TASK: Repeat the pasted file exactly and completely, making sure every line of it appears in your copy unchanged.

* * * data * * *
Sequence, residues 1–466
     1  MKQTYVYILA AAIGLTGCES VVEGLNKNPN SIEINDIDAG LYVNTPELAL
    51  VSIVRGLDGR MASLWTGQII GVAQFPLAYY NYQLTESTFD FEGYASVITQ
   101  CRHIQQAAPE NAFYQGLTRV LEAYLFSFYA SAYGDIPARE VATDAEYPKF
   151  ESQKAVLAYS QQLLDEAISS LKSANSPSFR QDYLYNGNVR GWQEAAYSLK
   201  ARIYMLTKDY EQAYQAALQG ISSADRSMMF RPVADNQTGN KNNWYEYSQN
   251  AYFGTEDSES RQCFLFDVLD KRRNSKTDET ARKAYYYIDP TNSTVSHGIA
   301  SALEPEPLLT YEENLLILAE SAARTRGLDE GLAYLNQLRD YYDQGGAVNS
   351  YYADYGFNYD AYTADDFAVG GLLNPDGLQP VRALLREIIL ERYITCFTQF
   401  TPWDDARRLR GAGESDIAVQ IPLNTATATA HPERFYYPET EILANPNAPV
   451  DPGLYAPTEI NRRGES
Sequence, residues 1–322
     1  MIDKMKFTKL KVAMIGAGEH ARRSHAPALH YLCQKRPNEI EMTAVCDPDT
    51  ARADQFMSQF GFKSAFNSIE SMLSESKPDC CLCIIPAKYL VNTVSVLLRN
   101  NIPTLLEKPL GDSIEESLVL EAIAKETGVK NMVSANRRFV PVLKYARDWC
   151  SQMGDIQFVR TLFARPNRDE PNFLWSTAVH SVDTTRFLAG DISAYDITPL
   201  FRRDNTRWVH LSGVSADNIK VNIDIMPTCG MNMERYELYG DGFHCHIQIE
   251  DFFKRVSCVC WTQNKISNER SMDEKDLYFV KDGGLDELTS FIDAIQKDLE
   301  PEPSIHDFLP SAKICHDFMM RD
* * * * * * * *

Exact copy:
Sequence, residues 1–466
     1  MKQTYVYILA AAIGLTGCES VVEGLNKNPN SIEINDIDAG LYVNTPELAL
    51  VSIVRGLDGR MASLWTGQII GVAQFPLAYY NYQLTESTFD FEGYASVITQ
   101  CRHIQQAAPE NAFYQGLTRV LEAYLFSFYA SAYGDIPARE VATDAEYPKF
   151  ESQKAVLAYS QQLLDEAISS LKSANSPSFR QDYLYNGNVR GWQEAAYSLK
   201  ARIYMLTKDY EQAYQAALQG ISSADRSMMF RPVADNQTGN KNNWYEYSQN
   251  AYFGTEDSES RQCFLFDVLD KRRNSKTDET ARKAYYYIDP TNSTVSHGIA
   301  SALEPEPLLT YEENLLILAE SAARTRGLDE GLAYLNQLRD YYDQGGAVNS
   351  YYADYGFNYD AYTADDFAVG GLLNPDGLQP VRALLREIIL ERYITCFTQF
   401  TPWDDARRLR GAGESDIAVQ IPLNTATATA HPERFYYPET EILANPNAPV
   451  DPGLYAPTEI NRRGES
Sequence, residues 1–322
     1  MIDKMKFTKL KVAMIGAGEH ARRSHAPALH YLCQKRPNEI EMTAVCDPDT
    51  ARADQFMSQF GFKSAFNSIE SMLSESKPDC CLCIIPAKYL VNTVSVLLRN
   101  NIPTLLEKPL GDSIEESLVL EAIAKETGVK NMVSANRRFV PVLKYARDWC
   151  SQMGDIQFVR TLFARPNRDE PNFLWSTAVH SVDTTRFLAG DISAYDITPL
   201  FRRDNTRWVH LSGVSADNIK VNIDIMPTCG MNMERYELYG DGFHCHIQIE
   251  DFFKRVSCVC WTQNKISNER SMDEKDLYFV KDGGLDELTS FIDAIQKDLE
   301  PEPSIHDFLP SAKICHDFMM RD